A new ballot initiative would create the California Privacy Rights and Enforcement Act (“CPREA”) and would make several changes to the California Consumer Privacy Act (“CCPA”).

CPREA makes the following changes and additions:

  • California Privacy Protection Agency: This ballot initiative would establish the California Privacy Protection Agency (“CPPA”), which would be comprised of five members appointed by members of the California government. The CPPA would be tasked with adopting rules, appointing a Chief Privacy Auditor who would proactively audit businesses for compliance, and bringing enforcement actions.
  • Additional Disclosures: CPREA would require that businesses tell consumers whether they profile them in certain circumstances (such as where profiling is reasonably expected to have an effect on financial loans or education admissions), together with the “logic involved” in using personal information for such profiling. Additionally, businesses that use personal information for political purposes would also be subject to specific disclosure obligations, including identification of the candidates, committees, or ballot measures for which personal information is used.
  • Amended Definition of Sale: Notably, the CPREA would define “sale” to include transfers of personal information not only for monetary or other valuable consideration, but also disclosures “otherwise for a commercial purpose, including but not limited to cross-context behavioral advertising.” This edit is similar to the broader “sale” definition proposed in the original ballot initiative, which did not require any consideration and was explicitly rejected by the California legislature. “Cross-context behavioral advertising” is defined as the “targeting of advertising to a consumer based on a profile of the consumer including predictions derived from the consumer’s personal information, where such profile is related to the consumer’s activity over time and across multiple businesses or across multiple, distinctly-branded websites, application, or services.” For consumers who opt-out of the sale of their personal information or opt-out of the use or disclosure of personal information for advertising and marketing, the ballot initiative would require businesses to wait for at least 12 months before requesting authorization to sell, or use and disclose, the consumer’s personal information.
  • Sensitive Personal Information: CPREA creates a new category of “sensitive personal information.” CPREA provides consumers with the right to opt-out of the use or disclosure of their sensitive personal information “for advertising and marketing,” which is defined to include communications intended to induce a consumer to buy, rent, lease, join, use, subscribe to, apply for, provide, or exchange products, goods, property, information, services, or employment. “Sensitive information” includes (for example) financial information, health information, race and religion, and precise geolocation information. Notably, sensitive information already is heavily regulated under other federal and state privacy laws.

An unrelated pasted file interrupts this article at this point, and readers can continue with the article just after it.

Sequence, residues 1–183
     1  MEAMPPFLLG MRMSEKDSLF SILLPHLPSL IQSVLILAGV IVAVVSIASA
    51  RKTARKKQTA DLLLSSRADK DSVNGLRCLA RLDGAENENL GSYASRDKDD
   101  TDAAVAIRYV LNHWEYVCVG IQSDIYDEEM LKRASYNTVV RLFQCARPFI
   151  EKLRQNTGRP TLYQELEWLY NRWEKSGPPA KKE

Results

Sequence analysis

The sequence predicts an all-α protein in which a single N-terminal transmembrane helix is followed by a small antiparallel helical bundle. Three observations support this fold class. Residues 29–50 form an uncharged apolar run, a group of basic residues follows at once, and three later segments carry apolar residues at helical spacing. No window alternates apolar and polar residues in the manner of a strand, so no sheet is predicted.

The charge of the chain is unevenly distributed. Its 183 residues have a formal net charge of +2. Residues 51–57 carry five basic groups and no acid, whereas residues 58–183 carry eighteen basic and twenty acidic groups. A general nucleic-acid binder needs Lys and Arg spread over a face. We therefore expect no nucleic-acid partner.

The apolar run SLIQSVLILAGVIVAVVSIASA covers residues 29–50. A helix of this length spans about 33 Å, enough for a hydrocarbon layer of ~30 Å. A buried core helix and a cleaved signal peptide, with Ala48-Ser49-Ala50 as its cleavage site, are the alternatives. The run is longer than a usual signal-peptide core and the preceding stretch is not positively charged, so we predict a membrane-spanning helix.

• Heightened Protection for Consumers under 16 years of age: Businesses would not be permitted to collect personal information of consumers less than 16 without opt-in consent if the business has actual knowledge that the consumer is less than 16.
  • Creates New Regulated Entities and Relationships: The CPREA introduces the role of a “contractor.” The ballot initiative would require that contractors be subject to contractual restrictions, including prohibitions on the sale of personal information, restrictions on retaining and using personal information, and certifications to the business.
  • Private Right of Action: As drafted, the private right of action is available for certain data breaches that result from unreasonable security practices and only if a business does not cure the “violation” within 30 days’ notice by a plaintiff. CPREA would expressly state that the implementation and maintenance of reasonable security procedures and practices following a breach would not constitute a cure that would serve as a defense to a claim.

The author of the ballot initiative intends to include this proposal on the November, 2020 ballot.